Methods in 1st segment
Methods in 2nd segment
Methods in 3rd segment
Methods in 4th segment
Methods in 5th segment
Methods in 6th segment
Involvement of social elites
Nonviolent responses of opponent
Groups in 2nd Segment
Success in achieving specific demands/goals
Between February and July of 1951, up to 22,000 waterfront workers (wharfies) in New Zealand struck for better pay and shorter workings hours.
During World War II, the New Zealand government played a much larger role in peoples’ lives than it ever had before. It lengthened workers’ hours to supplement the war effort, and New Zealanders generally accepted these changes as necessary for the war effort. While a court ruling in 1951 rolled back these changes for some workers, the ruling did not include wharfies. After the end of the war, the government also increasingly branded the labor movement as communist in a series of high profile incidents, leading to increased tension between the two sides. In 1949, the more conservative National Party gained power, and promised to confront organized labor. The following year, the militant Waterside Workers’ Union, plus other hard-line unions, split off from the Federation of Labor, which was allied with the Labour Party, to form the Trade Union Congress, led by the fiery Jock Barnes. Barnes’ militant unionism let the government brand him a communist and marginalize the Trade Union Congress from the rest of the organized labor movement.
The dispute between the government and the workers came to a head on February 15, 1951, when, after weeks of negotiations for a salary raise (due to the rising cost of living), dock employers locked out their workers. In response, the locked out workers began to strike. Six days later, Prime Minister Sidney Holland declared a state of emergency, and expanded the police’s ability to crack down on the strike. The military started performing the wharfies’ work on the 27th. The government suspended freedom of speech, association, and press. To get around government repression, workers used a hidden radio transmitter to transmit pro-strike messages, and circulated banned pamphlets. Workers also held protest meetings and, later in the campaign, conducted public demonstrations in protest of the government’s actions. Holland’s government also outlawed any forms of assistance to the striking workers. Despite the ban, workers received significant aid from sympathetic supporters. In solidarity with their fellow workers, several different types of industrial workers also went on strike, meaning that more than 20,000 workers were striking in a country of only 2 million people.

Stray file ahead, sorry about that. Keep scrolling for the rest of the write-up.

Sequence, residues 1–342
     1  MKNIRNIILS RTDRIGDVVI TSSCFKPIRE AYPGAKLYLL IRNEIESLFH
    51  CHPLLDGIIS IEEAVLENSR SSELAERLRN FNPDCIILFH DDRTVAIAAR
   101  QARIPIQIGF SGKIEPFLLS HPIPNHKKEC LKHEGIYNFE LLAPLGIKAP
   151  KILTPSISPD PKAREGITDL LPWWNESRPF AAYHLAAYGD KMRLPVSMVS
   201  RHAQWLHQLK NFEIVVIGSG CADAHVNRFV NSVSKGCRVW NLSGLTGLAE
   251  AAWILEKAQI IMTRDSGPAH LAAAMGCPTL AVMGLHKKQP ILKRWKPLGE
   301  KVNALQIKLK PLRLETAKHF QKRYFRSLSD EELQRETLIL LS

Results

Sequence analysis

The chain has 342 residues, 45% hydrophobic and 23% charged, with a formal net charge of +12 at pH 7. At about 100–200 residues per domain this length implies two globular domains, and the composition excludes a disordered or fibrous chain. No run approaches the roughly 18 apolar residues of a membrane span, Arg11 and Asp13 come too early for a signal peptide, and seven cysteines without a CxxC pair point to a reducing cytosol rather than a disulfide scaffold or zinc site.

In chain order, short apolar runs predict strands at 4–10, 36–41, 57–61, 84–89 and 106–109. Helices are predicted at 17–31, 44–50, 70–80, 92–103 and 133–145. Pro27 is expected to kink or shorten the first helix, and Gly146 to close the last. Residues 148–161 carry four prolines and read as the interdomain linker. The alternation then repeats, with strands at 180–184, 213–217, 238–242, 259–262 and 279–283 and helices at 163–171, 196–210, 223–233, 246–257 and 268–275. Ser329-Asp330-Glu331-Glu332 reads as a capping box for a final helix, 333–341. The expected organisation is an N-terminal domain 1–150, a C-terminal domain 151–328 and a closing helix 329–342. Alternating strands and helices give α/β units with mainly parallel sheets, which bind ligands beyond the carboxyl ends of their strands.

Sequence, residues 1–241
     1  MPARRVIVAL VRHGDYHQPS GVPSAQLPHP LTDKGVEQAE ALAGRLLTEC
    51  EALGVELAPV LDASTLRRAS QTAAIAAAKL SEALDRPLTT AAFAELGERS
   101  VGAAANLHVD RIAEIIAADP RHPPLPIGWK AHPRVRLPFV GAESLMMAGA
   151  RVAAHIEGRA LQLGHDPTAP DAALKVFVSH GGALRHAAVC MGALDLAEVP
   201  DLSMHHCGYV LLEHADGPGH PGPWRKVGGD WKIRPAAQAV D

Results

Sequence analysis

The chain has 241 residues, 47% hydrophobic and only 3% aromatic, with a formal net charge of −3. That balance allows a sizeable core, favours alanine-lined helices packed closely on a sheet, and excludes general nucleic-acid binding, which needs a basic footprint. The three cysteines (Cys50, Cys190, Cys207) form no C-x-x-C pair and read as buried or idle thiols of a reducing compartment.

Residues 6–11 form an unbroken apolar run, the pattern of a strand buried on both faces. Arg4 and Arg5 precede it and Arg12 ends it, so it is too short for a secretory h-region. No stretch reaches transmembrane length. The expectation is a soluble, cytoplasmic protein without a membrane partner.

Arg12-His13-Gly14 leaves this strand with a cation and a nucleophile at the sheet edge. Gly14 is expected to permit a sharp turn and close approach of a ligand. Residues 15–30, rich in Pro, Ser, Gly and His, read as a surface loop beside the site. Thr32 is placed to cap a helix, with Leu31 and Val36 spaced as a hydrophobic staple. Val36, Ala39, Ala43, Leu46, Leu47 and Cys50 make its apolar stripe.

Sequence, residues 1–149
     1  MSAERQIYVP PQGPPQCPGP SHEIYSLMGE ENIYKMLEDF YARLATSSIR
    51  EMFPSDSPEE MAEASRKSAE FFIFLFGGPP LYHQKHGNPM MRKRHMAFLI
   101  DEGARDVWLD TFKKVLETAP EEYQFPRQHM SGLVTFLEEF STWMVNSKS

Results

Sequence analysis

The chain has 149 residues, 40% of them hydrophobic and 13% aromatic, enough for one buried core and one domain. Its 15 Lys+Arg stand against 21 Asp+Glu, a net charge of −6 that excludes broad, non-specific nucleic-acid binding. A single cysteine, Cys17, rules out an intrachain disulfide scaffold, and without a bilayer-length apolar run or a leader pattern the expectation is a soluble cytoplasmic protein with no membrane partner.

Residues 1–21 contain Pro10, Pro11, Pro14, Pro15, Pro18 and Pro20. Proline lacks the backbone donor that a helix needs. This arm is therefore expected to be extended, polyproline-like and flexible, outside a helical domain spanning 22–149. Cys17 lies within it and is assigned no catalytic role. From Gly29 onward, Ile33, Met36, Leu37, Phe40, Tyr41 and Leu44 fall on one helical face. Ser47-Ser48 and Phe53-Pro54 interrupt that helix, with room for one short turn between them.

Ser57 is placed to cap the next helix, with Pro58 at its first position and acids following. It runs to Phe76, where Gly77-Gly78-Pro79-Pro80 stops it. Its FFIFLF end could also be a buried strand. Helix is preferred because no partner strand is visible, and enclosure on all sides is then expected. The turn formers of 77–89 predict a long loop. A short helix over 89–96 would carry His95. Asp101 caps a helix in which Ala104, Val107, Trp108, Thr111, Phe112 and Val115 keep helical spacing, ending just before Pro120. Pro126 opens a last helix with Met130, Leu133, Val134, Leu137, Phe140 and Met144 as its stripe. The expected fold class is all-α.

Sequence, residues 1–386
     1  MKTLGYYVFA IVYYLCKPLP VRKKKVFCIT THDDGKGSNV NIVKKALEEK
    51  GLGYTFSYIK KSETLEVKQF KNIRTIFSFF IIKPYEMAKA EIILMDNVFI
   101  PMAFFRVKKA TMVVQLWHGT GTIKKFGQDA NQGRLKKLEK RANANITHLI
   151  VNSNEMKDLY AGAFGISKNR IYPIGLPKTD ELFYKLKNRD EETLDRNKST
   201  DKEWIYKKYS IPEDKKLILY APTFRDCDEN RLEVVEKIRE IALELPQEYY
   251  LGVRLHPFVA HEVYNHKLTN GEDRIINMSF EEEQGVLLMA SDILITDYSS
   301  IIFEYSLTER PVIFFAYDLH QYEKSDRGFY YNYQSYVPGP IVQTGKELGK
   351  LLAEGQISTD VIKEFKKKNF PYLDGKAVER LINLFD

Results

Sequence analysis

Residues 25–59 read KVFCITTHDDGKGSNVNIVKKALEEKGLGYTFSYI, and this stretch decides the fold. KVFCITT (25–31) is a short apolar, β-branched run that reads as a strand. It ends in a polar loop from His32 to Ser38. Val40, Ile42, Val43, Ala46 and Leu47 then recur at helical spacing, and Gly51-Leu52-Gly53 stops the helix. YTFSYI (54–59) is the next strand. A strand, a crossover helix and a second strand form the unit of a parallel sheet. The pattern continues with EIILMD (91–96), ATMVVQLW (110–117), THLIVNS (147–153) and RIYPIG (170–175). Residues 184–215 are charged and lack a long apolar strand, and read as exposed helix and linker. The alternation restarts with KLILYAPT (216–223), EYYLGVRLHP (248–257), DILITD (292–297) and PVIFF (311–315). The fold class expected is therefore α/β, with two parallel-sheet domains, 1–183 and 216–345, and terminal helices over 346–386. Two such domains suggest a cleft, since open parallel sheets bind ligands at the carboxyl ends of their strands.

Despite the support for the strikers, there was also significant opposition to the strike. Only 8% of unionized workers went on strike, and the Federation of Labor called on the wharfies to dismiss their “Communist-dominated misleaders”. The differing ideologies and significant egos of leaders within unions prevented a united labor policy. The government decided it had the chance to completely crush the strike, and refused to offer compromises.
The situation became increasingly tense as the strike progressed. On April 30, striking coal miners likely bore the responsibility for a bridge demolition. No one was hurt. Coal companies had used the bridge for transporting coal, and as a result, the supply of coal to the rest of New Zealand was severely disrupted. In response, the government used the Navy to ship coal from remote parts of New Zealand to centers of commerce.
Police frequently attacked pro-strike protesters, and brutally repressed any type of demonstration either against the government or in support of the wharfies. In one incident on June 1, police attacked a march of 1,000 protesters in Auckland, seriously injuring around 20.
By late May, strike-breaking wharfies had created their own union and filled the jobs the striking wharfies had vacated three months before. After this, little hope remained, and the striking wharfies finally capitulated on July 15, but waterfront employers blacklisted many of them, preventing them from returning to work. Jock Barnes received a two-month jail sentence for defaming a police constable.
The strike became a deeply divisive issue in the labor history of New Zealand. Even its categorization is contentious. The government insists it was an illegal strike, while workers say their employers locked them out. The defeat of militant unionism by the government meant that the more moderate Federation of Labor gained power within the union movement, and the Waterside Workers’ Union and the Trade Union Congress were marginalized.
The protests influenced organized labor for many years in the future, and the 1981 protests against the Springbok rugby tour were influenced by this campaign (see "New Zealand Anti-Springbok Rugby Tour Protests, 1981") (2).
"The 1951 Waterfront Dispute." Te Ara Encyclopedia of New Zealand. The New Zealand Government, 13 May 2010. Web. <http://www.teara.govt.nz/en/strikes-and-labour-disputes/7>.
"Confrontation on the Waterfront." The Evening Post [Wellington] 16 Feb. 2001: 4. Lexis Nexis. Web.
"Desperate Days on Waterfront." The Evening Post [Wellington] 16 July 2001: 7. Lexis Nexis. Web.
Shaw, Bob. "A Watersider's View of the '51 Strike." The Evening Post [Wellington] 31 Jan. 2000. Lexis Nexis. Web.
"Waterfront Dispute Echoes down the Years." The Evening Post [Wellington] 12 Aug. 1998. Lexis Nexis. Web.